|Mitch (WebCob)||Jan 5, 2004 11:31 am|
|Jeff Potter||Jan 5, 2004 12:58 pm|
|Mitch (WebCob)||Jan 5, 2004 1:26 pm|
|Gerardo Gregory||Jan 5, 2004 1:34 pm|
|Sam Varshavchik||Jan 5, 2004 1:56 pm|
|Andrew Newton||Jan 5, 2004 3:02 pm|
|Sam Varshavchik||Jan 5, 2004 3:23 pm|
|Mitch (WebCob)||Jan 5, 2004 3:38 pm|
|Andrew Newton||Jan 5, 2004 5:49 pm|
|Sam Varshavchik||Jan 5, 2004 5:57 pm|
|Andrew Newton||Jan 5, 2004 7:06 pm|
|Mitch (WebCob)||Jan 5, 2004 8:19 pm|
|Gordon Messmer||Jan 5, 2004 11:58 pm|
|Sam Varshavchik||Jan 6, 2004 4:10 am|
|Sam Varshavchik||Jan 6, 2004 4:11 am|
|Sam Varshavchik||Jan 6, 2004 4:12 am|
|Gordon Messmer||Jan 6, 2004 10:20 am|
|Mitch (WebCob)||Jan 6, 2004 10:50 am|
|Malcolm Weir||Jan 6, 2004 2:10 pm|
|Julian Mehnle||Jan 6, 2004 3:07 pm|
|Phillip Hutchings||Jan 6, 2004 3:28 pm|
|Sam Varshavchik||Jan 6, 2004 3:44 pm|
|Sam Varshavchik||Jan 6, 2004 3:46 pm|
|Mitch (WebCob)||Jan 6, 2004 3:56 pm|
|Julian Mehnle||Jan 6, 2004 4:17 pm|
|Sam Varshavchik||Jan 6, 2004 4:31 pm|
|Julian Mehnle||Jan 6, 2004 4:45 pm|
|Roger B.A. Klorese||Jan 6, 2004 5:17 pm|
|Roger B.A. Klorese||Jan 6, 2004 5:20 pm|
|Julian Mehnle||Jan 6, 2004 5:33 pm|
|Roger B.A. Klorese||Jan 6, 2004 5:51 pm|
|Julian Mehnle||Jan 6, 2004 6:12 pm|
|Malcolm Weir||Jan 6, 2004 6:17 pm|
|Roger B.A. Klorese||Jan 6, 2004 6:22 pm|
|Sam Varshavchik||Jan 6, 2004 6:34 pm|
|Sam Varshavchik||Jan 6, 2004 6:47 pm|
|Julian Mehnle||Jan 6, 2004 7:10 pm|
|Julian Mehnle||Jan 6, 2004 7:42 pm|
|Julian Mehnle||Jan 6, 2004 7:53 pm|
|Roger B.A. Klorese||Jan 6, 2004 7:54 pm|
|Roger B.A. Klorese||Jan 6, 2004 7:56 pm|
|Roger B.A. Klorese||Jan 6, 2004 8:13 pm|
|Sam Varshavchik||Jan 6, 2004 8:16 pm|
|Sam Varshavchik||Jan 6, 2004 8:19 pm|
|Sam Varshavchik||Jan 6, 2004 8:22 pm|
|Roger B.A. Klorese||Jan 6, 2004 8:22 pm|
|Roger B.A. Klorese||Jan 6, 2004 8:29 pm|
|Mitch (WebCob)||Jan 6, 2004 11:19 pm|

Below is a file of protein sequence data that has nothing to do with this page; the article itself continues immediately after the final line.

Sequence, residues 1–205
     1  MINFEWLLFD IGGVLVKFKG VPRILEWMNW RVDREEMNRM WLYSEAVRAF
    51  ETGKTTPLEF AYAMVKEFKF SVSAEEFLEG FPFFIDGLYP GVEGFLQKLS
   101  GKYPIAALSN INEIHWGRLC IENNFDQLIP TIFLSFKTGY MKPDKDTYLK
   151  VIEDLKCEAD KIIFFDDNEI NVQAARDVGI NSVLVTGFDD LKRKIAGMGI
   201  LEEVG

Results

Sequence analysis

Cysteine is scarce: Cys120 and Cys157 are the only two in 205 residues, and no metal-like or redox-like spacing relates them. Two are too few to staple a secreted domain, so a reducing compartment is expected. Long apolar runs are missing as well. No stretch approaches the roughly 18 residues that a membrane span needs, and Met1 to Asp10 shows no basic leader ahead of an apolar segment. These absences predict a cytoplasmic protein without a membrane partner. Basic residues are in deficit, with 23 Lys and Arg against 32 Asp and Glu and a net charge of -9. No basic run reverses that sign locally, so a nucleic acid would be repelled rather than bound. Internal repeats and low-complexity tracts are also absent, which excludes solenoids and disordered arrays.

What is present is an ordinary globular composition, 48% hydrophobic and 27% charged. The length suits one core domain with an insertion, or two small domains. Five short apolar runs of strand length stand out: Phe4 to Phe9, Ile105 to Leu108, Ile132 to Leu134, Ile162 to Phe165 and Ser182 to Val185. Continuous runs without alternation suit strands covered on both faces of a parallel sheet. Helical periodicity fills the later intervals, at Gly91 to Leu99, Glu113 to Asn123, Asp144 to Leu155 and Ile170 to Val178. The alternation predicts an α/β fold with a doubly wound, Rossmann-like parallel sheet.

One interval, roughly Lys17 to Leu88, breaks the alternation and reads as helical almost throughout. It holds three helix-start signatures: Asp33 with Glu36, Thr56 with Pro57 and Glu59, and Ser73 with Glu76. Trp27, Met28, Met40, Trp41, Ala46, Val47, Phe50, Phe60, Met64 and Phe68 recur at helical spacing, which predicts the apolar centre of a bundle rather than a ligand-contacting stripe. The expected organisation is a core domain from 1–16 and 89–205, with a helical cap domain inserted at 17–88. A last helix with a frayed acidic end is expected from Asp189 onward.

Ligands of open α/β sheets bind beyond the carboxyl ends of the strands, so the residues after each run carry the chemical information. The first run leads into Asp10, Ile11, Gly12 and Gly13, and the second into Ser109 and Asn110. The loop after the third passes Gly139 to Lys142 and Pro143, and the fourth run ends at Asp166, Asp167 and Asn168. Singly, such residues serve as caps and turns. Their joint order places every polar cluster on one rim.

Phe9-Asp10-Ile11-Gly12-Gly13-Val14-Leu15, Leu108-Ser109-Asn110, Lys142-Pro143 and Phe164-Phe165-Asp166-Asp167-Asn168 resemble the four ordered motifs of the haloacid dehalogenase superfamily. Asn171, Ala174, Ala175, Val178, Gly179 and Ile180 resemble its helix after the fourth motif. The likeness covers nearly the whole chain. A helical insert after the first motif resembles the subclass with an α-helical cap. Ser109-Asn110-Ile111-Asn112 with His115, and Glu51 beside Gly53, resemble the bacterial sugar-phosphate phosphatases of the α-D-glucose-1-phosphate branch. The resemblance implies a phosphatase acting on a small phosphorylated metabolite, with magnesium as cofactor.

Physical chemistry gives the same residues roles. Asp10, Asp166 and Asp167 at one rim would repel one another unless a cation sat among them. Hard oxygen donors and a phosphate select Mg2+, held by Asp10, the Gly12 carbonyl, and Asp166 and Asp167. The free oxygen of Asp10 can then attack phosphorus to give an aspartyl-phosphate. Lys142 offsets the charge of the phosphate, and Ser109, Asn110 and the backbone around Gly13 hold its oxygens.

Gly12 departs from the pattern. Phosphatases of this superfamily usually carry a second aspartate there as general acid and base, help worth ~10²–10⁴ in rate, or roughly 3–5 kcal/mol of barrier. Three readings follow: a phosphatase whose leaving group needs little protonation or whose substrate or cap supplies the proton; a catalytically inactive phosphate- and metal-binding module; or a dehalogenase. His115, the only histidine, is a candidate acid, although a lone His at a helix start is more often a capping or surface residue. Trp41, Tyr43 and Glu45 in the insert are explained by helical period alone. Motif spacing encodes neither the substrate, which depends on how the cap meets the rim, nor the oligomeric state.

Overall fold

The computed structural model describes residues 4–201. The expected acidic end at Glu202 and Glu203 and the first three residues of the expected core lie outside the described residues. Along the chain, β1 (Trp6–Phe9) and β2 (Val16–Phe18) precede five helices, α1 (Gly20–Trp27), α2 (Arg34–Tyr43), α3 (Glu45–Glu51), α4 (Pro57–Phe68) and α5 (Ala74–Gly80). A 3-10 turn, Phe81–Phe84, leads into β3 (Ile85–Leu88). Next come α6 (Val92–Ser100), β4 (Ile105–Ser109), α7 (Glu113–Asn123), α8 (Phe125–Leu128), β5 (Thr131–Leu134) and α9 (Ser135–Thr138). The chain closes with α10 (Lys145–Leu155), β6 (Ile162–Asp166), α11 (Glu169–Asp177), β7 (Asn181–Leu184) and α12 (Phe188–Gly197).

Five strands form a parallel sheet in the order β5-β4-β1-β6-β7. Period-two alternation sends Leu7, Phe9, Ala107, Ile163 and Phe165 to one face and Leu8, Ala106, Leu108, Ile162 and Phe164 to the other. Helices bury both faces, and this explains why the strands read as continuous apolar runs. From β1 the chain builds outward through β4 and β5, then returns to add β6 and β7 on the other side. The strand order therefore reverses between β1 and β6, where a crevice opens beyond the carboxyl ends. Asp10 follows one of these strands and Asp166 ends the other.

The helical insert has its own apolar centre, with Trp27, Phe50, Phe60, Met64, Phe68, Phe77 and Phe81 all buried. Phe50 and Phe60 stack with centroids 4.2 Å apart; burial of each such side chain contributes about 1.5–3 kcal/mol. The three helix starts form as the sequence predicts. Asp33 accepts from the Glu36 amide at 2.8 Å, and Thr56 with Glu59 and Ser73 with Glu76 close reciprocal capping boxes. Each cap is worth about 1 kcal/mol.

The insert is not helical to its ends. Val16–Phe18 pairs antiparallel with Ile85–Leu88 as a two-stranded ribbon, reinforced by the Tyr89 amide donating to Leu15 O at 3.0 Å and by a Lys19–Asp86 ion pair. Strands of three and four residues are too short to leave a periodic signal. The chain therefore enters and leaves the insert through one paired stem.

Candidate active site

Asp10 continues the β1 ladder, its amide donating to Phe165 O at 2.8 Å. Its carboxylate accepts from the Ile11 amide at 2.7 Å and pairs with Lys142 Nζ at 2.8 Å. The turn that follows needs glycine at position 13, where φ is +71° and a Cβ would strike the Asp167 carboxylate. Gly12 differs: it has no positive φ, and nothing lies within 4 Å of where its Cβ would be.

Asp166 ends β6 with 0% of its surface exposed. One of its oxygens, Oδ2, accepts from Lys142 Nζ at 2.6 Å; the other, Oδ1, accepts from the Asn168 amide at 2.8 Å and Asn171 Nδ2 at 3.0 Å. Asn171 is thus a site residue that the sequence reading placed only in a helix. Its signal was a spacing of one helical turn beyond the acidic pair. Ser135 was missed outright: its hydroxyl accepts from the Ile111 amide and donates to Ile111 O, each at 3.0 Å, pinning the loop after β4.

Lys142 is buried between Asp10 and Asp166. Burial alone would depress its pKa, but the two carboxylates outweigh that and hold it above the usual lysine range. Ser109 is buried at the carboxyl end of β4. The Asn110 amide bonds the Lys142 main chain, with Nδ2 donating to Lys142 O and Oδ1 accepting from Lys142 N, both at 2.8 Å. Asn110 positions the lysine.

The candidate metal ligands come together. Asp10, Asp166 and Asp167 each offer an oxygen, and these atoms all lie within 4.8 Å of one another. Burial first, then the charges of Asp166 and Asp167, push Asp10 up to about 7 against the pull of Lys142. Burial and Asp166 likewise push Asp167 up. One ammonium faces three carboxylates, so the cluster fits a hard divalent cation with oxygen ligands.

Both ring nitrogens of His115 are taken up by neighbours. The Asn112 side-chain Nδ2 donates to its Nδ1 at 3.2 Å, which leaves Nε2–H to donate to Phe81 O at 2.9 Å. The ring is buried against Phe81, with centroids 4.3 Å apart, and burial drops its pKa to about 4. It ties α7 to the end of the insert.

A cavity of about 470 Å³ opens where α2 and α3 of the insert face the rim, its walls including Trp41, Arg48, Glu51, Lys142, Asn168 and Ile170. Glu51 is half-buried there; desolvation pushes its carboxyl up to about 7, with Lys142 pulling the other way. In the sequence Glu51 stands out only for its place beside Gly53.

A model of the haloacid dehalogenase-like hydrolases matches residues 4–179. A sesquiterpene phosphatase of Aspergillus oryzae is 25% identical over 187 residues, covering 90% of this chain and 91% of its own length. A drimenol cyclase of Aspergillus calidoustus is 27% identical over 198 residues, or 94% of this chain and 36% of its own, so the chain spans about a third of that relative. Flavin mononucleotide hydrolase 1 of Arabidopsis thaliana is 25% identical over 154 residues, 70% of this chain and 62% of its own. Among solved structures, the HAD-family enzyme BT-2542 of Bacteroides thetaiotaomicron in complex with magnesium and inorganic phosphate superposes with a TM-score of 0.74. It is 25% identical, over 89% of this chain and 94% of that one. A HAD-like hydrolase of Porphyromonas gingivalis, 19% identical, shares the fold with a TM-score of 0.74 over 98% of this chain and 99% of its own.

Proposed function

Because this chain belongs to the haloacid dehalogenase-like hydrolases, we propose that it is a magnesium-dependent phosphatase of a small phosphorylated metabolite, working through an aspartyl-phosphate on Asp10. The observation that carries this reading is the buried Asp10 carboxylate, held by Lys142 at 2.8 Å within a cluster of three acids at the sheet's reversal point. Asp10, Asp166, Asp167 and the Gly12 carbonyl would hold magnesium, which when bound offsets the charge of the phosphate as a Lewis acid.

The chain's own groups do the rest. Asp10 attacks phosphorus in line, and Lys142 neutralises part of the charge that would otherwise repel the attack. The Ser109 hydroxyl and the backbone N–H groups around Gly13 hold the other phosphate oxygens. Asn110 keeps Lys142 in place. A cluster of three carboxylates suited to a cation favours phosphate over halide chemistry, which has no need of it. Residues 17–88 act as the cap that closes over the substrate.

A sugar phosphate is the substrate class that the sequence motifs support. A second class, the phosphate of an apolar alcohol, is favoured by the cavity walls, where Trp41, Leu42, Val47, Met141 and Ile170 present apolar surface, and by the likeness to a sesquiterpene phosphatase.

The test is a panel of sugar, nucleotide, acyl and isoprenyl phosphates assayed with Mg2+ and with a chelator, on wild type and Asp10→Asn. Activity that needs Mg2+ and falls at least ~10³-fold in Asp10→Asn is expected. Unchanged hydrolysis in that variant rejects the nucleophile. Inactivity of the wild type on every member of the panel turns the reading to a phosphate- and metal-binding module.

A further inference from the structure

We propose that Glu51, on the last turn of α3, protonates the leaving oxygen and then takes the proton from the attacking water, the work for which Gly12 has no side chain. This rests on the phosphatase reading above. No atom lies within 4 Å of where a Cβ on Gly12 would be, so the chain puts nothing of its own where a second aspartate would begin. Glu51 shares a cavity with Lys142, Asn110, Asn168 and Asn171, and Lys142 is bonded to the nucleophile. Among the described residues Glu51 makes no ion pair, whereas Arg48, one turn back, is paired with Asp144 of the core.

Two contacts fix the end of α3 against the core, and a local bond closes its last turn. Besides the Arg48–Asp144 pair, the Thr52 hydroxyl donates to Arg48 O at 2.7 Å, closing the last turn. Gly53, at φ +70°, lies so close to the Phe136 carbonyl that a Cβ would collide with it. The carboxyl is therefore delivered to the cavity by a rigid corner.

|Roland||Jan 7, 2004 3:56 am|
|Sam Varshavchik||Jan 7, 2004 4:14 am|
|Julian Mehnle||Jan 7, 2004 10:47 am|
|Julian Mehnle||Jan 7, 2004 10:59 am|
|Roger B.A. Klorese||Jan 7, 2004 11:37 am|
|Malcolm Weir||Jan 7, 2004 12:18 pm|
|Julian Mehnle||Jan 7, 2004 1:09 pm|
|Julian Mehnle||Jan 7, 2004 1:40 pm|
|Gordon Messmer||Jan 7, 2004 3:08 pm|
|Malcolm Weir||Jan 7, 2004 3:14 pm|
|Sam Varshavchik||Jan 7, 2004 3:32 pm|
|Mitch (WebCob)||Jan 7, 2004 3:46 pm|
|Sam Varshavchik||Jan 7, 2004 3:50 pm|
|Julian Mehnle||Jan 7, 2004 3:52 pm|
|Bill Michell||Jan 7, 2004 3:54 pm|
|Mitch (WebCob)||Jan 7, 2004 3:56 pm|
|Julian Mehnle||Jan 7, 2004 4:03 pm|
|Julian Mehnle||Jan 7, 2004 4:06 pm|
|Roger B.A. Klorese||Jan 7, 2004 4:12 pm|
|Phillip Hutchings||Jan 7, 2004 4:16 pm|
|Mitch (WebCob)||Jan 7, 2004 4:27 pm|
|Julian Mehnle||Jan 7, 2004 4:29 pm|
|Mitch (WebCob)||Jan 7, 2004 4:32 pm|
|Julian Mehnle||Jan 7, 2004 4:33 pm|
|Gordon Messmer||Jan 7, 2004 4:58 pm|
|Malcolm Weir||Jan 7, 2004 5:07 pm|
|Julian Mehnle||Jan 7, 2004 5:27 pm|
|Phillip Hutchings||Jan 7, 2004 6:33 pm|
|Gordon Messmer||Jan 7, 2004 7:00 pm|
|Subject:||RE: [courier-users] RE: freemail list and questions about yahoo...|
|From:||Malcolm Weir (ma...@gelt.org)|
|Date:||Jan 6, 2004 6:17:38 pm|
-----Original Message----- From: Julian Mehnle Sent: Tuesday, January 06, 2004 3:08 PM
[ Snip ]
As each message is injected into the "public" internet by a SMTP server, that message is signed with a private key controlled by whoever owns the injecting domain.
From that point on, anyone can query the DNS for that domain and get a public key; if the public key doesn't "unlock" the message, it *is* forged, and can be immediately dropped. SPF can only suggest that it might be forged, and use that information to feed into subsequent filters; Yahoo's scheme is authoritative. Further, using SPF every stage (relaying or forwarding) must provide SPF sender verification otherwise there is no benefit. Using Yahoo's crypto scheme, you can copy the message onto a floppy disk and hand carry it around and at the other end you can still authenticate the message.
I don't see what SPF does NOT do (to prevent sender domain forgery) that IS being done by YASAF.
SPF only validates that the host that claims to be on the other end of the SMTP connection is the 'correct' host (or a correct host) for that domain.
In most cases (see Sam's remarks) YASAF validates that the 'From:' line is being used legitimately.
Still, the main thing that YASAF *does* is based on the fact that it is sponsored by Yahoo who is one of the major e-mail domains out there, while SPF is sponsored by more-or-less no-one. SPF may be acceptable, but any fair assessment will acknowledge that the use of crypto signatures *is* a harder nut to crack when it comes to forgeries, so YASAF can be viewed as SPF++ (the first plus for the crypto, the second for the sponsor).
SPF, for a given domain, prevents rogue SMTP servers, that are unauthorized to send "from" that domain, from delivering mails to an SPF-protected server. You as a domain owner can even authorize 3rd party servers (like your ISP's ones) to send mail "from" your domain.
Sure. Now, explain why it isn't already being used universally? Why doesn't Yahoo simply implement it?